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Mathematics LibreTexts

4.4 Sums and direct sum

Throughout this section, \(V\) is a vector space over \(\mathbb{F}\), and \(U_1 , U_2 \subset V\) denote subspaces.

Definition 4.4.1. Let \(U_1 , U_2 \subset V\) be subspaces of \(V\) . Define the (subspace) sum of \(U_1\)

Figure 4.4.1: The union \(U \cup U^\prime\) of two subspaces is not necessarily a subspace. 

and \(U_2\) to be the set

                                                               \[ U_1 + U_2 = \{u_1 + u_2 | u_1 \in U_1 , u_2 \in U_2 \}. \tag{4.4.1}\]

Check as an exercise that \(U_1 + U_2\) is a subspace of \(V\) . In fact, \(U_1 + U_2\) is the smallest subspace of \(V\) that contains both \(U_1\) and \(U_2\) .

Example 4.4.2. Let

                                                          \[ U_1 = \{(x, 0, 0) \in \mathbb{F}^3 | x \in \mathbb{F}\}, \\                                                                                                                                              U_2 = \{(0, y, 0) \in \mathbb{F}^3 | y \in  \mathbb{F}\}.\]

Then

                                                      \[U_1 + U_2 = \{(x, y, 0) \in \mathbb{F}^3 | x, y \in \mathbb{F}\}.   \tag{4.4.2}\]

If, alternatively, \(U_2 = \{(y, y, 0) \in \mathbb{F}^3 | y \in \mathbb{F}\}\), then Equation (4.4.2) still holds.

 

       If \(U = U_1 +U_2\) , then, for any \(u \in U\), there exist \(u_1 \in U_1\) and \(u_2 \in U_2\) such that \(u = u_1 +u_2.\)

If it so happens that \(u\) can be uniquely written as \(u_1 + u_2\) , then \(U\) is called the direct sum of \(U_1\) and \(U_2.\) 

Definition 4.4.3. Suppose every \(u \in U\) can be uniquely written as \(u = u_1 + u_2\) for \( u_1 \in U_1\) and \(u_2 \in U_2\) . Then we use

                 \[U = U_1 \oplus U_2\]


to denote the direct sum of \(U_1\) and \(U_2.\) 

Example 4.4.4. Let
                                                                 \[U_1 = \{(x, y, 0) \in \mathbb{R}^3 | x, y \in \mathbb{R}\}, \\
                                                                    U_2 = \{(0, 0, z) \in \mathbb{R}^3 | z \in \mathbb{R}\}.\]
Then \(\mathbb{R}^3 = U_1 \oplus U_2\). However, if instead
                                                                                \[U_2 = \{(0, w, z) | w, z \in \mathbb{R}\},\]
then \(\mathbb{R}^3 = U_1 + U_2\) but is not the direct sum of \(U_1\) and \(U_2\) .
Example 4.4.5. Let
                                                         \[U_1 = \{p \in \mathbb{F}[z] | p(z) = a_0 + a_2 z^2 + \cdots + a_{2m}z^{2m} \}, \\
                                                       U_2 = \{p \in \mathbb{F}[z] | p(z) = a_1z + a_3z^3 + \cdots + a_{2m+1}z^{2m+1} \}.\]
Then \(\mathbb{F}[z] = U_1 \oplus U_2.\)

Proposition 4.4.6. Let \(U_1 , U_2 \subset V\) be subspaces. Then \(V = U_1 \oplus U_2\) if and only if the following two conditions hold:

  1. \(V = U_1 + U_2;\)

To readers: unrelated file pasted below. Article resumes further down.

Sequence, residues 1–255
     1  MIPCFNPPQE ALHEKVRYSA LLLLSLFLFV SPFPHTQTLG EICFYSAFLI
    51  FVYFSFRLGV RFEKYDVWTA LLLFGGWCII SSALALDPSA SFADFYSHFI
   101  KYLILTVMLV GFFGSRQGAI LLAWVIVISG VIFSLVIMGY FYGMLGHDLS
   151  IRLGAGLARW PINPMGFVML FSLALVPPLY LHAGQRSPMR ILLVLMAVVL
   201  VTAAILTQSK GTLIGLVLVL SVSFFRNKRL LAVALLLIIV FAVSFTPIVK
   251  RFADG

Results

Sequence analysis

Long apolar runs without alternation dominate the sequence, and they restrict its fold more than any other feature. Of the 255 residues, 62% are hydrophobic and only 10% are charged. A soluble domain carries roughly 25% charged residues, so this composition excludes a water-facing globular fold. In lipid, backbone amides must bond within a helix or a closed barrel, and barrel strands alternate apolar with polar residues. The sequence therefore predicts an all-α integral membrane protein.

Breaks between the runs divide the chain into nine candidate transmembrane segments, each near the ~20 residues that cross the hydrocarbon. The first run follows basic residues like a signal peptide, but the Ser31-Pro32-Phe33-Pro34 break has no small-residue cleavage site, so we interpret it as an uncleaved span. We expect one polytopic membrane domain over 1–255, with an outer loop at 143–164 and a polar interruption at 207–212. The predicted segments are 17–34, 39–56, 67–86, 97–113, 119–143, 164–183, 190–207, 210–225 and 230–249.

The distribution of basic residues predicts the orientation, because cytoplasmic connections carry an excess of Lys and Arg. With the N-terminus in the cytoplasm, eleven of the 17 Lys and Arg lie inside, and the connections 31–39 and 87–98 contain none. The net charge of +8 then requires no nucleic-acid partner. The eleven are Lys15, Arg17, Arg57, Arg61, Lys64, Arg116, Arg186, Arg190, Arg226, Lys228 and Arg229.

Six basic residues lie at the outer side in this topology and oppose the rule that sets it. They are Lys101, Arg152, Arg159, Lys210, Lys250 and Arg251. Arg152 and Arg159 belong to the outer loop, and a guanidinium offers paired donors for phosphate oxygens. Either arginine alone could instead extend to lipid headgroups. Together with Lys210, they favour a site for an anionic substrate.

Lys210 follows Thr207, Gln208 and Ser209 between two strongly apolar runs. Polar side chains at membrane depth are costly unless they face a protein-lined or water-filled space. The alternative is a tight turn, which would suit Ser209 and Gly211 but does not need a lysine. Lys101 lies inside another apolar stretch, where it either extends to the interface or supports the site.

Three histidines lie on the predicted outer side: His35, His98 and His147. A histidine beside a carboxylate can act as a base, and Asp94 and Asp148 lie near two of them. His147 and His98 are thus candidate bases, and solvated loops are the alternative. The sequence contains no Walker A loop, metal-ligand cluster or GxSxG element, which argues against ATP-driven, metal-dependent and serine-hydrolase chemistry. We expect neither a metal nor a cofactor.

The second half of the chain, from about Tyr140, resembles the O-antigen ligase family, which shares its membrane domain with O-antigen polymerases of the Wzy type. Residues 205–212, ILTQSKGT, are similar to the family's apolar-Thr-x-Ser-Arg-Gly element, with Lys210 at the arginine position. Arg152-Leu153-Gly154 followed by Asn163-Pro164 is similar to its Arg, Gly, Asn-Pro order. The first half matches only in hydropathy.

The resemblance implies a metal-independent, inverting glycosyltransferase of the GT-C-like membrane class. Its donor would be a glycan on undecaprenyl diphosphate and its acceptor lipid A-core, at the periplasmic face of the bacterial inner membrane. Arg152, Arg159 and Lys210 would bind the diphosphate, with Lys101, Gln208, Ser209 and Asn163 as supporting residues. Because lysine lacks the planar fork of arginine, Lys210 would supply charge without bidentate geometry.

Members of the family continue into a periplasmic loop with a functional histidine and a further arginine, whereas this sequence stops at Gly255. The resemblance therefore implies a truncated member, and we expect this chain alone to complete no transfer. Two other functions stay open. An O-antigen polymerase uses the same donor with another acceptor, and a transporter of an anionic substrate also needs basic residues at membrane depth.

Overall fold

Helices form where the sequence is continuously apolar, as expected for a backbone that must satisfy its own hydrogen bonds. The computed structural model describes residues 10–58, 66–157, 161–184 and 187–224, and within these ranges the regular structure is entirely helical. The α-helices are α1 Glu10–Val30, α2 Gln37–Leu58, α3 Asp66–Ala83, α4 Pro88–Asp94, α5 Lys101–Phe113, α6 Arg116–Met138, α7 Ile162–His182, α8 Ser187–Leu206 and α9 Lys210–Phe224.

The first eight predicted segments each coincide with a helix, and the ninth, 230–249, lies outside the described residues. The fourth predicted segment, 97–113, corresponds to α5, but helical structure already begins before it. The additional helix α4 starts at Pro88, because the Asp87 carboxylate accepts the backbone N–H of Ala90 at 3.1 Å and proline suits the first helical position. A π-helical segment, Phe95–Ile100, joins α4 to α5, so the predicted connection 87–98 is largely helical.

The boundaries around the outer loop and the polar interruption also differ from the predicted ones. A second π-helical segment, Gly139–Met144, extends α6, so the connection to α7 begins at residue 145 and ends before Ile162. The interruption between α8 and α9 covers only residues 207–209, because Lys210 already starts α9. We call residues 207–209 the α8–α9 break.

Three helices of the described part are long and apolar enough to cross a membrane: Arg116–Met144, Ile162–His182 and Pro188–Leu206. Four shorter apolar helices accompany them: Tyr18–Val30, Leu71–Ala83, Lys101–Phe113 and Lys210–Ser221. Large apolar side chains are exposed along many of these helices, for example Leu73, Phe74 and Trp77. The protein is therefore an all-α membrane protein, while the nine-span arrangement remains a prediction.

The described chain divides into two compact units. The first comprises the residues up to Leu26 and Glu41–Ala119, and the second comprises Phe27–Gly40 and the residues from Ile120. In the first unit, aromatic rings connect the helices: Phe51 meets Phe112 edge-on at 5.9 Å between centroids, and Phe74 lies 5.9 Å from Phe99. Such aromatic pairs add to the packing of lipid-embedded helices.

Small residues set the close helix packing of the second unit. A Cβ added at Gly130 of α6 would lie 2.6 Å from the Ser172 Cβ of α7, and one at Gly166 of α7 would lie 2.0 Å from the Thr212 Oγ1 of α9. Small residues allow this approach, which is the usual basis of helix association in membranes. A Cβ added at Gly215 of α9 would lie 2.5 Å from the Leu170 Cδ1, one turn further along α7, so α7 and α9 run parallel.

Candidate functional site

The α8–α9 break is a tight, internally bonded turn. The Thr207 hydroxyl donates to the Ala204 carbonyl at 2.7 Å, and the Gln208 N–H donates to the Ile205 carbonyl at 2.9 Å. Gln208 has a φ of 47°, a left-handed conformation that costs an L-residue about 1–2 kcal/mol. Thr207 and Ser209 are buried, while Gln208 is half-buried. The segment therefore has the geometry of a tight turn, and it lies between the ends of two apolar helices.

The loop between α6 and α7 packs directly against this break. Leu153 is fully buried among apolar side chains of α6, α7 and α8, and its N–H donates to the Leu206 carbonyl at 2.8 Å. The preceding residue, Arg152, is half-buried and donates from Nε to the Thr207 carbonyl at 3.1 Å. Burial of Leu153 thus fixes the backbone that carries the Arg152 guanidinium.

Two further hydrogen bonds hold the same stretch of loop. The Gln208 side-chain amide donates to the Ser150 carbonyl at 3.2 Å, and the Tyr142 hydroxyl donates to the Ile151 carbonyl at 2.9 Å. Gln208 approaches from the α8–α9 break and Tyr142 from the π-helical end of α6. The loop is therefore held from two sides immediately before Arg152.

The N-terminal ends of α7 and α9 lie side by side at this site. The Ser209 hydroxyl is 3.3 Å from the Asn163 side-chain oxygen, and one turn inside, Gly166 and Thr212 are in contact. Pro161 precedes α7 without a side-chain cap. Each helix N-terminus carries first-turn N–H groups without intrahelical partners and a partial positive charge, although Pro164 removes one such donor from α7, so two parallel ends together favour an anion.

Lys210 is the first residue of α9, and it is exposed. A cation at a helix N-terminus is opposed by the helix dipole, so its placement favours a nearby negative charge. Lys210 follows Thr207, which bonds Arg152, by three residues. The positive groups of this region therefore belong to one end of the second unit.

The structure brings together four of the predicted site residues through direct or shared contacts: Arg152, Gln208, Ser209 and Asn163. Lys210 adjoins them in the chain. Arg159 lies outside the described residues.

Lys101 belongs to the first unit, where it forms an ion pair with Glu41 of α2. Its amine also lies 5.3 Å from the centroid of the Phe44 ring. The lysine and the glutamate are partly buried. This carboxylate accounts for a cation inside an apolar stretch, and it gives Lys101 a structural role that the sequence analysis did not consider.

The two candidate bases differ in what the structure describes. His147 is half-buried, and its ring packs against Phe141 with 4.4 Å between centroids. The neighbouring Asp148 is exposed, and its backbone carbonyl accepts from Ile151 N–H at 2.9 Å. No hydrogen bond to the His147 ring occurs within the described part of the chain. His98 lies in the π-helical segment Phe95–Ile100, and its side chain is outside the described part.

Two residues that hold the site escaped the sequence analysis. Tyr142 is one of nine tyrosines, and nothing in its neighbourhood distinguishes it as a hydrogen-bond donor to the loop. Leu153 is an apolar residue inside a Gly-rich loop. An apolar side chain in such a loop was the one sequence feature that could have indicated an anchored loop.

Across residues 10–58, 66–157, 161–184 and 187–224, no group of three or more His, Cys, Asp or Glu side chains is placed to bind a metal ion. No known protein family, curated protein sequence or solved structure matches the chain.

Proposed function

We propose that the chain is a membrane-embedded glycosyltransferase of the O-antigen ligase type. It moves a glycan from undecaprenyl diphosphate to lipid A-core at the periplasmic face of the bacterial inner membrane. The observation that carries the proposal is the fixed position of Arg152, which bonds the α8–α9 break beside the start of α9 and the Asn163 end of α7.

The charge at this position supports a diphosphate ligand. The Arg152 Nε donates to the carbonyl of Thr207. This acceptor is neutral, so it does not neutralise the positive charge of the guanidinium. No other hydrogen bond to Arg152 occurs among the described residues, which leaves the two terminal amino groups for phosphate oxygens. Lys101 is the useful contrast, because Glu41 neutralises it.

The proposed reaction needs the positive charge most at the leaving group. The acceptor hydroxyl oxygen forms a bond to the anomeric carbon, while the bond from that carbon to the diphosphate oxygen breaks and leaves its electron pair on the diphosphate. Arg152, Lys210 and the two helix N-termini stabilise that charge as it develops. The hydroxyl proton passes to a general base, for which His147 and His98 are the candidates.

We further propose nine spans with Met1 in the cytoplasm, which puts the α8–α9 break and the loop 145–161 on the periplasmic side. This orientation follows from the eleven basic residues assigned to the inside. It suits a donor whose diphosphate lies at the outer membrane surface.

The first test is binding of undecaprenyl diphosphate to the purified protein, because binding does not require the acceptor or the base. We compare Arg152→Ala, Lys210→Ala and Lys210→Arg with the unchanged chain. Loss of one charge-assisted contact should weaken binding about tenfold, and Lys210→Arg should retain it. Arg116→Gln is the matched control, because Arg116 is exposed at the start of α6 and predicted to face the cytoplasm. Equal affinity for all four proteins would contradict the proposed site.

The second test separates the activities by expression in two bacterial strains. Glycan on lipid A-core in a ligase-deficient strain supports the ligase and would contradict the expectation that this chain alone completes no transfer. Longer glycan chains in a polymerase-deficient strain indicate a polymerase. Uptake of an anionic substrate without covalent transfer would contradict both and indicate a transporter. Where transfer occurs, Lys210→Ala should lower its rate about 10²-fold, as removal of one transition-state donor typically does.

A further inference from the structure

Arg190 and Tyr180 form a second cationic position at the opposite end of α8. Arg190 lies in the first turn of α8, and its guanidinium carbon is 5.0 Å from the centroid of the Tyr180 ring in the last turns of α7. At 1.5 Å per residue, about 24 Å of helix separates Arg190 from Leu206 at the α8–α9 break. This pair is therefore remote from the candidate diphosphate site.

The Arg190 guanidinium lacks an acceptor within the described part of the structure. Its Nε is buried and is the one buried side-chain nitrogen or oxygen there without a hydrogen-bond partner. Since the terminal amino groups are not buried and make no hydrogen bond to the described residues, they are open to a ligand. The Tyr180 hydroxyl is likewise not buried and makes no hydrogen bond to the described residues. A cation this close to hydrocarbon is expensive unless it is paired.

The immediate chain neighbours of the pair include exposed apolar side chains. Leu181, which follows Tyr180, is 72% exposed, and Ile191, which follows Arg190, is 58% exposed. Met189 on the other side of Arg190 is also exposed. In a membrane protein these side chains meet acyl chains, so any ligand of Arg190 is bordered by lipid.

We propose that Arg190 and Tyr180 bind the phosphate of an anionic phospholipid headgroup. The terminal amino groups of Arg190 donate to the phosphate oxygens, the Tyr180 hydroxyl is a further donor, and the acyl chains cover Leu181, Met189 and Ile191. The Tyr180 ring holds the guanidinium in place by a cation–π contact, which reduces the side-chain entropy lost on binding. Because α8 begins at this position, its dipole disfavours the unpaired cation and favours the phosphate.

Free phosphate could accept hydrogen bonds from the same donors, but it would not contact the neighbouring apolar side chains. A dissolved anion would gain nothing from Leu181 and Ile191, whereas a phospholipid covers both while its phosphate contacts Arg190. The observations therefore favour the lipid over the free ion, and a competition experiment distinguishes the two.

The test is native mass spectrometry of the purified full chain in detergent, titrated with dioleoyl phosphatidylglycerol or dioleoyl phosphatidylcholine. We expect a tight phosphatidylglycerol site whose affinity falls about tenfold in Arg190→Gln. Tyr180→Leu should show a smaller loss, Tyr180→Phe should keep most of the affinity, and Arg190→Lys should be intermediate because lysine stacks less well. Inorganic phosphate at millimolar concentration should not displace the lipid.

2. If \(0 = u_1 + u_2\) with \(u_1 \in U_1\) and \(u_2 \in U_2\) , then \(u_1 = u_2 = 0.\)

Proof.
\((“\Rightarrow”)\) Suppose \(V = U_1 \oplus U_2\). Then Condition 1 holds by definition. Certainly \(0 = 0 + 0\), and, since by uniqueness this is the only way to write \(0 \in V\) , we have \(u_1 = u_2 = 0\).

\((“\Leftarrow”)\) Suppose Conditions 1 and 2 hold. By Condition 1, we have that, for all \(v \in V\) , there exist \(u_1 \in U_1\) and \(u_2 \in U_2\) such that \(v = u_1 + u_2\) . Suppose \(v = w_1 + w_2\) with \(w_1 \in U_1\) and \(w_2 \in U_2\) . Subtracting the two equations, we obtain

\[0 = (u_1 − w_1 ) + (u_2 − w_2 ),\]

 where \(u_1 − w_1 \in U_1\) and \(u_2 − w_2 \in U_2\). By Condition 2, this implies \(u_1 − w_1 = 0\) and \(u_2 − w_2 = 0\), or equivalently \(u_1 = w_1\) and \(u_2 = w_2\) , as desired.

Proposition 4.4.7. Let \(U_1 , U_2 \subset V\) be subspaces. Then \(V = U_1 \oplus U_2\) if and only if the following two conditions hold:

  1. \(V = U_1 + U_2;\)
  2. \(U_1 \cap U_2 = \{0\}.\)

Proof.
\((“\Rightarrow”)\) Suppose \(V = U_1 \oplus U_2\). Then Condition 1 holds by definition. If \(u \in U_1 \cap U_2\) , then \(0 = u + (−u)\) with \(u \in U_1\) and \(−u \in U_2\) (why?). By Proposition 4.4.6, we have \(u = 0\) and \(−u = 0\) so that \(U_1 \cap U_2 = \{0\}.\)

\((“\Leftarrow”)\) Suppose Conditions 1 and 2 hold. To prove that \(V = U_1 \oplus U_2\) holds, suppose that

\[0 = u_1 + u_2, \rm{~where~} u_1 \in U_1 \rm{~and~} u_2 \in U_2. \tag{4.3}\]

By Proposition 4.4.6, it suffices to show that \(u_1 = u_2 = 0\). Equation (4.3) implies that \(u_1 = −u_2 \in U_2\). Hence \(u_1 \in U_1 \cap U_2\), which in turn implies that \(u_1 = 0\). It then follows that \(u_2 = 0\) as well.

       Everything in this section can be generalized to m subspaces \(U_1 , U_2 , \ldots U_m,\) with the notable exception of Proposition 4.4.7. To see, this consider the following example.

Example 4.4.8. Let

\[U_1 = \{(x, y, 0) \in \mathbb{F}^3 | x, y \in \mathbb{F}\}, \\
U_2 = \{(0, 0, z) \in \mathbb{F}^3 | z \in \mathbb{F}\}, \\
U_3 = \{(0, y, y) \in \mathbb{F}^3 | y \in \mathbb{F}\}.\]

Then certainly \(\mathbb{F}^3 = U_1 + U_2 + U_3\) , but \(\mathbb{F}^3 \neq U_1 \oplus U_2 \oplus U_3\) since, for example,

\[(0, 0, 0) = (0, 1, 0) + (0, 0, 1) + (0, −1, −1).\]

 But \(U_1 \cap U_2 = U_1 \cap U_3 = U_2 \cap U_3 = \{0\}\) so that the analog of Proposition 4.4.7 does not hold.